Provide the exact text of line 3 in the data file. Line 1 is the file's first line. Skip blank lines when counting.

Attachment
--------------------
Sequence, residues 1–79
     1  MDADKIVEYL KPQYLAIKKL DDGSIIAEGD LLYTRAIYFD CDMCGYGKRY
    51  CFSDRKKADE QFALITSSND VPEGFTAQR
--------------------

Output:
    51  CFSDRKKADE QFALITSSND VPEGFTAQR